On “Food Matters:” Nighttime Ramblings of a Herbalist’s Daughter

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Tonight I watched a great documentary on Netflix called “Food Matters.” I liked it because while it addressed serious health issues related to poor nutrition, it wasn’t pessimistic or guilt inducing. Rather it focused on the amazing link between good nutrition and healing, and encouraged its viewers to be empowered to take their well-being into their own hands. The main message was: your body can heal itself if given the right nutrition.

Good nutrition heals the whole body, or rather allows the body to heal its whole self. Eating more fresh, raw, healthy foods is safe, effective and affordable, so barring situations of extreme poverty perhaps, we can all do it. And by doing so, we can treat and even prevent many chronic diseases like heart conditions and cancer.

This goes rather against the grain in our culture of specialized doctors and medications for every disease. The doctors and nutritionists in “Food Matters” sees drugs as toxins meant to target specific symptoms of disease, rather than heal the whole person. While very useful in some cases, the strong occurrence of serious and even lethal side effects from drugs make the return to overall vibrant health difficult when they are taken long term.

Here are a few tidbits from the movie I found interesting. The founder of Alcoholics Anonymous was very depressed. Upon recommendation he tried taking high doses of the vitamin niacin daily and recovered totally. He wanted this to be part of his program but was forbidden. Niacin is natural and safe yet doctors generally will caution against taking too much (ie enough to be effective) because they are not trained in nutrition. They’re trained, funded and promoted by drug companies who stand to lose millions if people cure themselves of chronic diseases, or better yet prevent them through good nutrition.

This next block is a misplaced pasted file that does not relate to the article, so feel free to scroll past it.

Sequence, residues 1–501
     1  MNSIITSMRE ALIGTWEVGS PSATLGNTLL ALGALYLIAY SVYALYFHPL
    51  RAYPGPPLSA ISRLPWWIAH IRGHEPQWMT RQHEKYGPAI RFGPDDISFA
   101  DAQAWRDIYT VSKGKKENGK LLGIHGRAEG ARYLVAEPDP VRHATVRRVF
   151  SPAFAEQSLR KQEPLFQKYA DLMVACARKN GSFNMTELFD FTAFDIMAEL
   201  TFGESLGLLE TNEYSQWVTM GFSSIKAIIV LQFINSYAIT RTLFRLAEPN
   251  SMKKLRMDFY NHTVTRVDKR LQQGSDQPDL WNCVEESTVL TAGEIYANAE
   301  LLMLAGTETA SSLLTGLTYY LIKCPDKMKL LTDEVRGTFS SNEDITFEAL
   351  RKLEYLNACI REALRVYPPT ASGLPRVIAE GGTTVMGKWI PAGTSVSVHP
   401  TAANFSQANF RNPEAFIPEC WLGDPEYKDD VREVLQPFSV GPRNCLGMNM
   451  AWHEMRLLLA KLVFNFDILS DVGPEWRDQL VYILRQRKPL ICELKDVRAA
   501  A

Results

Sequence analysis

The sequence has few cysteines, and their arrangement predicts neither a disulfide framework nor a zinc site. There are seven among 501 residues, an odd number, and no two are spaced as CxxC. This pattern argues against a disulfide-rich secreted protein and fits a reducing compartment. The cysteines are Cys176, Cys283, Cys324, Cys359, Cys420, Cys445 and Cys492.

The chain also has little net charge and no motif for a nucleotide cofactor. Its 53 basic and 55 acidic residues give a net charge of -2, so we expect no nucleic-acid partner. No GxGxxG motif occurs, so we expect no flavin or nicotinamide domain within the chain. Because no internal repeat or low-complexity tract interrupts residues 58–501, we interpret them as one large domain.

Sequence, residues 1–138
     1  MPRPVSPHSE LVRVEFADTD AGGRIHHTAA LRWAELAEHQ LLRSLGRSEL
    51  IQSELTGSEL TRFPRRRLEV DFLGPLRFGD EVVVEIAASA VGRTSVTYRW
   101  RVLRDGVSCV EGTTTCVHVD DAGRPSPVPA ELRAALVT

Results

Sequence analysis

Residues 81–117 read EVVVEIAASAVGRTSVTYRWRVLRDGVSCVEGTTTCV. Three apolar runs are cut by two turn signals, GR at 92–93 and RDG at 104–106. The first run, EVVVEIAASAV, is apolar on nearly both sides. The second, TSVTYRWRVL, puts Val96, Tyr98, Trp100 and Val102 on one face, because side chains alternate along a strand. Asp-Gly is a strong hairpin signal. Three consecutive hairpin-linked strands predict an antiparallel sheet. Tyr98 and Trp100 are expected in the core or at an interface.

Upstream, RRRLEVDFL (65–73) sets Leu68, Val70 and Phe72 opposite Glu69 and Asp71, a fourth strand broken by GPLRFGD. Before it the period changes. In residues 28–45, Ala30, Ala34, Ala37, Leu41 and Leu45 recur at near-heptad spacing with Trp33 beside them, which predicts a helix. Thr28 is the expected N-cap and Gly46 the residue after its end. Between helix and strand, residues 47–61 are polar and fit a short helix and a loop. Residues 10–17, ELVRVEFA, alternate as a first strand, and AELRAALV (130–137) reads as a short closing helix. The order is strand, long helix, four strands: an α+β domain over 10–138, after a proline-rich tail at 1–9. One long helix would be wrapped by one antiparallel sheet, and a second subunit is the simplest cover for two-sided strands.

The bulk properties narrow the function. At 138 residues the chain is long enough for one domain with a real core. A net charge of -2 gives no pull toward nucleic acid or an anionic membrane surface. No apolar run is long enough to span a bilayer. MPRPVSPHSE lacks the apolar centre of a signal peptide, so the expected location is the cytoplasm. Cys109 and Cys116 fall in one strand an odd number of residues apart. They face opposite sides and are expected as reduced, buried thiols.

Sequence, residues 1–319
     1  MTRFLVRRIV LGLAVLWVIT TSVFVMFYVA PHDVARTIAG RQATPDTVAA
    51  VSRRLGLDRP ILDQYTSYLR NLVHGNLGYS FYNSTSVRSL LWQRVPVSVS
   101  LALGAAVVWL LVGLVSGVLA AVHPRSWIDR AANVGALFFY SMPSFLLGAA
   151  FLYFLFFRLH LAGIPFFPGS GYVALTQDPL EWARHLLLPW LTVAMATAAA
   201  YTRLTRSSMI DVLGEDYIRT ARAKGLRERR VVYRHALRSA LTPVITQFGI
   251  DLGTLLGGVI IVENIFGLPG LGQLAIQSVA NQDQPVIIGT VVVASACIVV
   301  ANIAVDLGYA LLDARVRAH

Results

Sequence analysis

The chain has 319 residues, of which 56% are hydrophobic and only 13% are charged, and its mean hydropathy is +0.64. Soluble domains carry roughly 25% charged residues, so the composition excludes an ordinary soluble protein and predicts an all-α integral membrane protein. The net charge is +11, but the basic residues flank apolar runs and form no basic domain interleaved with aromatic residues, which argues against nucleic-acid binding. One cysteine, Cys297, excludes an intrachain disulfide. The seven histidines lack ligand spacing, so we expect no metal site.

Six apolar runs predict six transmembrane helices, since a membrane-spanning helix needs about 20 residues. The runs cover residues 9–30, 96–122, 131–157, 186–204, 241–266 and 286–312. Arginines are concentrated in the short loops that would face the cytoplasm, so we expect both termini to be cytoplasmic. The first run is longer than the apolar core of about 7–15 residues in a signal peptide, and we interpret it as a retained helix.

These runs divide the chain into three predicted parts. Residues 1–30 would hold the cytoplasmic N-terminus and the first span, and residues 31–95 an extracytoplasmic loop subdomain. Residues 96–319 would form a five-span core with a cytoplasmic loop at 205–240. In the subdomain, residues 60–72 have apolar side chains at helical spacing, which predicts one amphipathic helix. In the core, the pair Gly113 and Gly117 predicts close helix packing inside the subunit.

Another interesting fact was that various alternative health clinics have found giving large doses of intravenous vitamin C very effective for curing cancer. Vitamin C targets cancer cells without harming heathy cells, and has no bad side effects. We might be inclined to rebel against this because it seems too simple, but compare this to the effects of chemotherapy and radiation which harm all cells and cause nausea, hair loss, etc. Large doses of vitamin C kick starts the body’s natural healing process, without harmful side effects, while most typical cancer treatments are themselves carcinogenic.

Our bodies were made to be healthy, and good nutrition can keep them that way. We have the power to cure ourselves but must take responsibility for ourselves. We tend to flock toward the experts and feel we ourselves know nothing. This is a disempowered lie. As the movie says several times, we all know that we are what we eat. We can all take little steps to improve. We can listen to grandma and eat our veggies, and to mom and take our vitamins.

One of the huge problems we have today is absorbing toxins from our food (pesticides, fungicides, etc) and not eliminating them. This is why simple things like drinking lots of water and eating lots of fibre can help us so much. We enable our bodies to pull the toxins out through our guts and release them, instead of reabsorbing them into our blood.